The United States’ battle with Russian President Vladimir Putin is heating up.
Last week, the Biden administration slapped fresh sanctions on Russian officials over cyberattacks and “other hostile activities.”
And in a move that showed it’s even prepared to target allies in the campaign to curb what it considers malign Russian behavior, the White House stepped up pressure on the German government over a major pipeline deal. The U.S. warned it is ready to impose further penalties against the Nord Stream 2 project, which is designed to carry natural gas directly from Russia to Germany, its biggest customer, avoiding the main overland routes across Eastern Europe.
The underwater pipeline, more than 1,500 miles long and costing more than $11 billion, is almost complete, but the U.S. continues to oppose it as a geopolitical threat, arguing that it will undermine the stability of Eastern Europe, weaken European energy security and boost the Putin regime.
The German government, however, supports the project and refuses to block it.
Foreign Minister Heiko Maas describes it as a bridge that will keep Russia connected to the West and help constrain it. Speaking recently in the Bundestag, Germany’s parliament, Maas said that stopping the pipeline would drive Russia into economic isolation and a political and military alliance with China. “I’m against tearing down this bridge with Russia,” he said.
But Germany is divided over the issue. Many German politicians agree with the American view that the pipeline will pour extra cash into the coffers of an odious regime.
“How would we constrain them by handing Putin reliable revenue?” asked Reinhard Bütikofer, a German member of the European Parliament. “We would be fostering the aggressive policies of the Russian czar,” he said. Bütikofer, a member of the Green Party, also opposes the pipeline on environmental grounds. “This project will lock in additional fossil fuel infrastructure for the next 50 years, when we should be transitioning to nonfossil energy sources. This project is wrong in so many ways,” he said.
Sascha Müller-Kraenner, head of the DUH environmental group, stated that if Nord Stream 2 were used to its full capacity, an additional 100 million tons of carbon dioxide per year would be released into Germany and Europe. “This is clearly very bad from a climate perspective,” he said. In addition to these environmental objections, Müller-Kraenner echoed U.S. concerns about the geopolitical implications of the pipeline. He agrees that it would enable Russia to shut down the main existing gas pipeline across Ukraine, depriving that country of billions of dollars in transit fees a year and making it even more vulnerable to Russian aggression.
“I think we should not strengthen Russia’s hand by giving them another access point to the European market. That could sideline Ukraine, which is an important partner of Germany,” Müller-Kraenner said.
Nord Stream 2 does have its supporters in Germany, who argue that the Berlin government is right to resist American pressure to abandon the pipeline. Michael Harms, head of a major association representing businesses involved in the import-export trade between Germany and Eastern Europe, said there is an overwhelming economic case for the project. “Nord Stream 2 will reduce gas prices in Europe,” he said. “It will increase the Continent’s energy security, and we need that. We need more gas as supplies from the North Sea will decline over the next few years.”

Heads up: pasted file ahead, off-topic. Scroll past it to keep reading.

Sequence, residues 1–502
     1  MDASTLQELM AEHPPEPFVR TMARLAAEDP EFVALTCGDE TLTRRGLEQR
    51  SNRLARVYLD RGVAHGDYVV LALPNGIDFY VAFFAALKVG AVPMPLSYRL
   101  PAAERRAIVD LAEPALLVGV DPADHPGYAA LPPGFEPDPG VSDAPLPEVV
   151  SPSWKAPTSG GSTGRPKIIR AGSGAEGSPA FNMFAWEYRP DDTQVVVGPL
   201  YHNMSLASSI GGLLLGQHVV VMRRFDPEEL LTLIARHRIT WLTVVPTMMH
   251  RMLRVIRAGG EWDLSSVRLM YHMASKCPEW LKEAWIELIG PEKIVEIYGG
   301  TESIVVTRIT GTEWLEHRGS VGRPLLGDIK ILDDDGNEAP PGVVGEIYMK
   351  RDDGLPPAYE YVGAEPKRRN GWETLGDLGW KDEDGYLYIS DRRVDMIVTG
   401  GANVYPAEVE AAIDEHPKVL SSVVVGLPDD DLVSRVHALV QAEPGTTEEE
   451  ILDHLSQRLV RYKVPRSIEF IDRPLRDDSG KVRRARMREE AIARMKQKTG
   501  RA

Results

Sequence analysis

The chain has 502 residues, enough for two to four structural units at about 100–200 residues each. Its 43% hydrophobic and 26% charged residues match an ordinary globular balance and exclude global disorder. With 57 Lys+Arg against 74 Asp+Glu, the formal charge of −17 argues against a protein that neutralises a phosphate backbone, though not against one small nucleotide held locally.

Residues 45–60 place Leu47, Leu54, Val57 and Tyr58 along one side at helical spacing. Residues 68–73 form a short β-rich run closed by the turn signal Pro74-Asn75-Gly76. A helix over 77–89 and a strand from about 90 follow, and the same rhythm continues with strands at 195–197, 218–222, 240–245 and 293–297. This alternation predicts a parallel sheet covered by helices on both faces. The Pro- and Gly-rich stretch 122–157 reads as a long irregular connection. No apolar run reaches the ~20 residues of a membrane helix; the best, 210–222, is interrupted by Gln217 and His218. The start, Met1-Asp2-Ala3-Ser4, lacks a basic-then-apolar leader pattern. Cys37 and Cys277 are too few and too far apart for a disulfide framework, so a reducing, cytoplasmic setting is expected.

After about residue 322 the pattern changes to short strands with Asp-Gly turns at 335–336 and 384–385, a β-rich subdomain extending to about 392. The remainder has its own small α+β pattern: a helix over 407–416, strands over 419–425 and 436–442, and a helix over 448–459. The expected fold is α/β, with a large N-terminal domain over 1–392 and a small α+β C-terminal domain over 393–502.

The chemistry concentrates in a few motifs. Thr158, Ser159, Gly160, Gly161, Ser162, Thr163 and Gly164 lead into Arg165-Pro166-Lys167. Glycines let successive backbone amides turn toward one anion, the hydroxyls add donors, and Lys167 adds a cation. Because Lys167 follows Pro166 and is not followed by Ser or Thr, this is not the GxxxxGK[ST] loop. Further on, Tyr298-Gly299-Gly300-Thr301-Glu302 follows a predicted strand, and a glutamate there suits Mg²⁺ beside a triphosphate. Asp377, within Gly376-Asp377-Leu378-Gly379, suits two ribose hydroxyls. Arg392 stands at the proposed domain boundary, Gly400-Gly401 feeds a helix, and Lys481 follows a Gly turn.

Others say there’s a strong environmental case for the project too because Germany cannot yet depend on renewables for all its energy needs, and since natural gas emits much less carbon than oil and coal, it could aid the transition to a carbon-free future. Economist Gustav Horn said Germany has a particular need for an intermediate energy source because it has decided to close down the last of its nuclear power stations by next year.
“Since we are abandoning atomic power, we need some bridging energy supply, and that is gas. And therefore we need this gas from Russia,” he said. “We should stick with this deal with Russia.”
Horn, a senior figure in the Social Democratic Party, which is part of the governing coalition, deplores the threat of further U.S. sanctions over the pipeline, especially since Germany is a close ally of the United States. He suspects that the U.S. isn’t driven solely by geopolitical concerns.
“The truth is that America has its own interest in this deal. And I think America wants to supply more of its own gas to Europe and especially to Germany because Germany is a big market for that,” he said.
The American sanctions seem unlikely to prevent Nord Stream 2 from being physically completed. Only 90 miles or so remains to be built, and the German government is shrugging off the American threat. “It’s about showing the U.S. that Germany is not going to cave in to this extraterritorial action,” said Agathe Demarais, director of forecasting at the Economist Intelligence Unit in London. “Germany sees this as an infringement of its sovereignty. Many people in Germany question how the U.S. would react if Europe were to sanction a pipeline that runs on American soil,” she said.
Nevertheless, Nord Stream 2 may never become fully operational. Gas may never flow through it. The sanctions could prevent it from being certified and insured, and Western companies may well be deterred from using it for fear of being excluded from the world’s U.S.-dominated payment system. In the end, German voters could seal the pipeline’s fate. The Green Party has vowed that if it helps to form the next coalition government after the fall election, it’ll block Nord Stream 2. And the Greens are riding very high in the polls.
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